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Colo. cannabis investment fund members owe $4M in suits in other states

The minimum investment the fund will accept is $100,000, according to its website

Members of a team that sought to raise $50 million from investors to finance the marijuana industry in Colorado and other states racked up more than $4 million in court judgments and settlements for their ties to a troubled California construction firm.

The Colorado High Yield Fund, based in Longmont, advertised itself on its website as “a capital fund that invests in financing instruments with financial entities in the medical and recreational marijuana industry as well as the related industrial hemp commodity market.”

The website stated the fund would “seek to accrue and payout no less than a net 15 percent dividend” to investors, and it made no mention of legal issues facing team members of the fund. The site was deactivated recently after inquiries by The Denver Post.

Tab Turner, an Arkansas lawyer identified on the fund’s website as a principal, is in default on a $690,000 settlement agreement after he was sued for failed construction projects in California and Arizona. Larry Kimball, identified as the fund manager, has an unpaid judgment of $2.3 million from a suit alleging bidding fraud and breach of contract, and an unpaid judgment of nearly $1 million for an action by federal prosecutors claiming unpaid payroll taxes.

Thomas Alan Boyd, convicted in 2007 of a conspiracy, fraud and false reporting in the $200 million failure of BestBank of Boulder, is acting as an adviser to the team, he said in an interview. Some of the team members are embarking on plans to build a housing development in Windsor.

Turner, who successfully sued the Ford Motor Co. over SUV rollovers, and Boyd said the fund was not active, and that they did not believe it had raised any money from investors.

“To my knowledge, the Colorado High Yield Fund has never raised money,” Turner said in an email. “It was created by attorneys in Colorado to potentially raise money in the future, but it has never been used to date that I am aware of. It’s pretty much on the shelf pending more development.”

In promotional material offered to investors on its website, the fund advertised that it had produced $10 million in revenue after its founding in February 2016. The minimum investment the fund will accept is $100,000, according to the website.

Another fund principal listed is Chris Boyd, son of Thomas Alan Boyd. Chris Boyd did not return telephone messages seeking comment.

There is no registration of the fund at the federal Securities and Exchange Commission or the Colorado Division of Securities. Neither of the two agencies would confirm or deny whether the fund is being investigated, citing privacy provisions.

An offering for prospective investors in the fund was conducted by American Investments, a firm whose executive leadership team includes Turner, Kimball and Darren Mann, according to the fund’s website.

Turner, Kimball and Mann were sued in connection with their association with West America Corp., a San Diego-based contractor. One lawsuit alleged that Mann, who was director of West America, and Kimball, who was CEO, engaged in a “knowing, intentional fraud” related to their breached contract to build a $21 million apartment complex in a San Diego suburb. The lawsuit alleged that Kimball and Mann, through West America, had acted with “malice and oppression.” A judge ordered them to pay $2.3 million.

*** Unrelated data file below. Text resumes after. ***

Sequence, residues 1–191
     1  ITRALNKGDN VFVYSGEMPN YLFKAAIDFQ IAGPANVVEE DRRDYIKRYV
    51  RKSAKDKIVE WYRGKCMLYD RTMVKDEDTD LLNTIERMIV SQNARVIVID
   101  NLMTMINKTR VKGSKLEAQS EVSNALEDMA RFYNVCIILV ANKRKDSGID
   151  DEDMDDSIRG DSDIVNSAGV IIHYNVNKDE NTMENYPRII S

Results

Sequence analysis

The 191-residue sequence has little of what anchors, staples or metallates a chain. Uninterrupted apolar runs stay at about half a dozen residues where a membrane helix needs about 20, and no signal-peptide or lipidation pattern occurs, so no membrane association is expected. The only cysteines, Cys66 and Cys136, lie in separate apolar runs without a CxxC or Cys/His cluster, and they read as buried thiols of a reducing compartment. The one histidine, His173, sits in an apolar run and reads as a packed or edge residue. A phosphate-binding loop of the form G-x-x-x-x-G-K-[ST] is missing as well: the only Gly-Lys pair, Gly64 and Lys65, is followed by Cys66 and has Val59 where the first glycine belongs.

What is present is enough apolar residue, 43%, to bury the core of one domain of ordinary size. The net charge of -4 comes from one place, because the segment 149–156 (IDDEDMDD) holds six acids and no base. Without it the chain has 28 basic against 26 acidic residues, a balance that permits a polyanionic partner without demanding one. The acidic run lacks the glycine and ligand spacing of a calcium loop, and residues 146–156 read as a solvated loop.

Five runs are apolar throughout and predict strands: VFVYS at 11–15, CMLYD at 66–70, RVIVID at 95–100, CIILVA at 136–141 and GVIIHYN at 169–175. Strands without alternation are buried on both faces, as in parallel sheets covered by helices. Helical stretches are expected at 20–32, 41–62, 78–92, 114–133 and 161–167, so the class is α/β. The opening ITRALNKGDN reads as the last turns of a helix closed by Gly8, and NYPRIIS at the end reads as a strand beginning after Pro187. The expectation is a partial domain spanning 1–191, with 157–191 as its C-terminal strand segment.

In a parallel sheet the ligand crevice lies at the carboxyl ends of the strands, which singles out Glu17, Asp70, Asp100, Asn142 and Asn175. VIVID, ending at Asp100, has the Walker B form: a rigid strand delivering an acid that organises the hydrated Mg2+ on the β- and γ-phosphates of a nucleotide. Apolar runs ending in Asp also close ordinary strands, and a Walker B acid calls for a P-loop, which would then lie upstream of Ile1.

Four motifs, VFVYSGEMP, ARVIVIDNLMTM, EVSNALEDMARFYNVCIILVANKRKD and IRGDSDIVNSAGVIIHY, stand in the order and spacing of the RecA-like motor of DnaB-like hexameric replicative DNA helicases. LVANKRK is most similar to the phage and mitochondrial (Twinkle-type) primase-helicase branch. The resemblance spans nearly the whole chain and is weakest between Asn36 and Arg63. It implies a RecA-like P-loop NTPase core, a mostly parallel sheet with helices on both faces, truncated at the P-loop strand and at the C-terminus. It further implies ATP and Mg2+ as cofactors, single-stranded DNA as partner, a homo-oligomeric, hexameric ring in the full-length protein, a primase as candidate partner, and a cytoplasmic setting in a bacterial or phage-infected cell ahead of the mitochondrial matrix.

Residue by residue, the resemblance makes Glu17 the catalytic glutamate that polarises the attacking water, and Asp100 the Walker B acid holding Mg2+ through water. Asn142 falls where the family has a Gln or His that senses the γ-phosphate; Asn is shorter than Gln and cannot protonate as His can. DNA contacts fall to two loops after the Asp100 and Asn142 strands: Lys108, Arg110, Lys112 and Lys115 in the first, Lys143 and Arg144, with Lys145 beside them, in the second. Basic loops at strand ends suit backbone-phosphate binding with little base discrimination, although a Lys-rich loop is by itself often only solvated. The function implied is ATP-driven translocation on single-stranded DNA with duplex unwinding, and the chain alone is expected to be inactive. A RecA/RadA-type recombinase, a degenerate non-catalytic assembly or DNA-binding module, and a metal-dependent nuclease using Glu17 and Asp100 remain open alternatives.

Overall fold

That 2016 lawsuit alleged that West America, through Kimball and Mann, billed the owner of the apartment complex for inflated bids from subcontractors. The lawsuit, filed by the complex owner, said Mann and Kimball pocketed money that was supposed to go to subcontractors and also engaged in fraud by entering into “secret side agreements” with subcontractors to “artificially inflate their bids” for “illicit profits.”

A lawsuit filed in U.S. District Court in California in 2015 alleged that West America did not deliver on $9.2 million in construction projects at an Indian reservation near Phoenix, a subsidized housing project in Maricopa, Ariz., and in San Diego. A firm that issued performance bonds guaranteeing the construction sued for default. Turner and Mann signed a settlement agreeing to pay $690,000 but have paid just $45,000 and are in default, according to court records. Turner said he was sued because he had guaranteed the bonds as an investor in West America.

Mann and Kimball have been sued by federal prosecutors seeking to recoup unpaid payroll taxes for West America employees. A federal judge last year ordered Kimball to pay $937,000 and Mann to pay $1.45 million owed to the Internal Revenue Service. Court documents filed in that litigation allege Mann ran West America but another individual acted as a front because Mann had past legal issues that made him unable to obtain a contractor’s license.

Mann and Kimball did not return telephone messages or emails seeking comment. In an email, Turner confirmed that West America had gone bust. The firm struggled due to two principals exiting, “leaving Mr. Mann alone with insufficient capital and resources to survive and mounds of obligations and debt,” Turner said.

Turner and some of his friends have started a new venture, Midian Homes, in northern Colorado, he said. Midian has bought nearly 50 lots for construction of homes in Windsor. Mann is the contractor building those homes, Turner said. Kimball has advertised on the internet that he also is a principal of Midian.

“Midian Homes was started quite some time after I lost my investment in West America,” Turner said. “Consequently, building homes in Colorado has nothing to do with West America or its bankrupt status.”

This story was first published on DenverPost.com